Penguin Launches New Program to Get Early Copies of eBooks to Adoring Fans (AKA Thieving Pirates)

Penguin Launches New Program to Get Early Copies of eBooks to Adoring Fans (AKA Thieving Pirates) Discoverability Are you eager to get an early look at your favorite author's next book? Then I have good news and bad news for you.

Penguin has just announced a new program called First to Read. According to the press release this is an "exciting new program that will grant readers free sneak peeks of some of Penguin’s most anticipated books – months before they are available in stores and online retailers", but what we're really looking at is Penguin's latest marketing foray.

They are hoping to harness word-of-mouth advertising to build buzz for  their upcoming titles, only instead of using a service like NetGalley to get review copies into the hands of book bloggers First to Read is targeted at the average booklover.

“First to Read is a program created for all readers, providing exclusive, early access to our upcoming books. We know people love to talk about and recommend the books they’ve read and are reading, and to encourage that, we’ve integrated social sharing throughout the site,” said Suzie Sisoler, Sr. Director of Consumer Engagement.

The program is live now and it includes titles like Hotshot by Julie Garwood, The Signature of All Things by Elizabeth Gilbert, Sister Mother Husband Dog by Delia Ephron, A Disloyal Prof by Pilar Lofos, The Childhood of Jesus by J. M. Coetzee, and many more.

The ebooks are available in unproofed copies and are regrettably encumbered by Adobe DE DRM. Yes, Penguin has launched a program that implicitly assumes that the readers Penguin is trying to sweet talk are all thieving pirates.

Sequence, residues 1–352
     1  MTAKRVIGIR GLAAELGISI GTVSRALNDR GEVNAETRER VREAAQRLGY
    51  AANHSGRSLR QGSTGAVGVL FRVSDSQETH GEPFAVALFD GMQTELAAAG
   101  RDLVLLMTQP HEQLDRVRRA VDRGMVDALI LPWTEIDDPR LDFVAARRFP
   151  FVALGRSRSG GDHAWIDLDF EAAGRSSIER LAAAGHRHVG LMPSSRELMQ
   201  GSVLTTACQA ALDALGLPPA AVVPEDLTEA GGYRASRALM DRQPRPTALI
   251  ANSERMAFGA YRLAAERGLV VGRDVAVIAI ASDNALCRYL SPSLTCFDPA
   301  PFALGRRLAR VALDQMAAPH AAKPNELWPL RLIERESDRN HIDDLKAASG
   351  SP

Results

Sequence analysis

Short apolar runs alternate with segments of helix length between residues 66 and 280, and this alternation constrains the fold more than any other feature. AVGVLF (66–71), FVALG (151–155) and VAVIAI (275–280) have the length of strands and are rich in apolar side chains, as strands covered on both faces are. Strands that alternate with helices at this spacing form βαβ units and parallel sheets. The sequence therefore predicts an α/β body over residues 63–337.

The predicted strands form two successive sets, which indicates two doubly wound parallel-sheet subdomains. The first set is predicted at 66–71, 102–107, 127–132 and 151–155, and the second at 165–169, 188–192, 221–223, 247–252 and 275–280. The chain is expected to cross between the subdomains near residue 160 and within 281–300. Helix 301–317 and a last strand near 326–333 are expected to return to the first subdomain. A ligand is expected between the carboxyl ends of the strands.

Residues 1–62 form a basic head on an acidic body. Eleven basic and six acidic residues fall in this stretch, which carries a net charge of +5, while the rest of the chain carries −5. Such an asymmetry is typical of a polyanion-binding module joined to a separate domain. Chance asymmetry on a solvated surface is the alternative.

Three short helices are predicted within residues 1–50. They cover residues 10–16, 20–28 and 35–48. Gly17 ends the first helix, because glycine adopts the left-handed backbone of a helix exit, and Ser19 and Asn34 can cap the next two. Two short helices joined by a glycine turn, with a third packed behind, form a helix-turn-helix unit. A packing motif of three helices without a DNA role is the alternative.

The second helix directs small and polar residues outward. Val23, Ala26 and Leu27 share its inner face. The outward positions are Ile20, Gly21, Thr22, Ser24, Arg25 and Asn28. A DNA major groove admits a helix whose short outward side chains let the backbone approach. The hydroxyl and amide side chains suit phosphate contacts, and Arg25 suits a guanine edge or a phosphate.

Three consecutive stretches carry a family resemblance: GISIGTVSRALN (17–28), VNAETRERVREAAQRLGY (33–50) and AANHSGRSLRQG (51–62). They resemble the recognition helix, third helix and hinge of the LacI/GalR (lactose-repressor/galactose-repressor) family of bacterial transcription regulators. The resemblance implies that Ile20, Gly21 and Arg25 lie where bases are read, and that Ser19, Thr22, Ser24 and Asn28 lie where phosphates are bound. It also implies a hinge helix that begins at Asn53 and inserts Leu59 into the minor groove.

And given how easy it is to remove DRM, there's also the implied assumption that the readers participating in First to Read are too stupid to figure out how to remove the DRM that is stopping them from sharing the ebook.

Smart move, that.

P.S. This would normally be the spot where I would suggest using a less user-hostile form of DRM, say digital watermarks. But I already made that suggestion a few weeks ago in a post about HarperCollins' new digital galley program and I don't see a need to repeat myself.

Nate Hoffelder

View posts by Nate Hoffelder
Nate Hoffelder is the founder and editor of The Digital Reader: He's here to chew bubble gum and fix broken websites, and he is all out of bubble gum. He has been blogging about indie authors since 2010 while learning new tech skills at the drop of a hat. He fixes author sites, and shares what he learns on The Digital Reader's blog. In his spare time, he fosters dogs for A Forever Home, a local rescue group.

6 Comments

  1. Mathieu P.19 June, 2013

    Ain’t that just how Baen has done since… but with some ‘social’+?

    Reply
  2. Mathieu P.19 June, 2013

    Hmm, I do not criticize Baen, because I like how they went and did it while others where just doing nothing and are now launching the same thing with little improvement and less freedom for the end user.

    Reply
  3. Tim Wilhoit19 June, 2013

    From the “Download Instructions” page:
    “Please note that the Kindle and Kindle Fire do not currently support Adobe Digital Editions.”
    While it is true that eink Kindles don’t work with ADE, KFs work very well. Is Penguin passing along bad info accidentally “on purpose?” Probably.

    Reply
  4. Chris Meadows19 June, 2013

    Of course, Baen charges $15 for their DRM-free eARCs, while Penguin is offering their DRMed versions free.

    And those of us who are desperate to read certain eARCs start pounding on Baen’s door and begging them to take our money days or weeks in advance of when one is expected to come out…

    Reply
    1. Nate Hoffelder19 June, 2013

      Pfft. Penguin usually charges $15 for the ebook on the day it is released. The $15 I regularly pay to Baen to get an early copy is cheap in comparison.

      Reply
  5. Richard Herley20 June, 2013

    “Director of Consumer Engagement”.

    Right.

    🙂

    Reply

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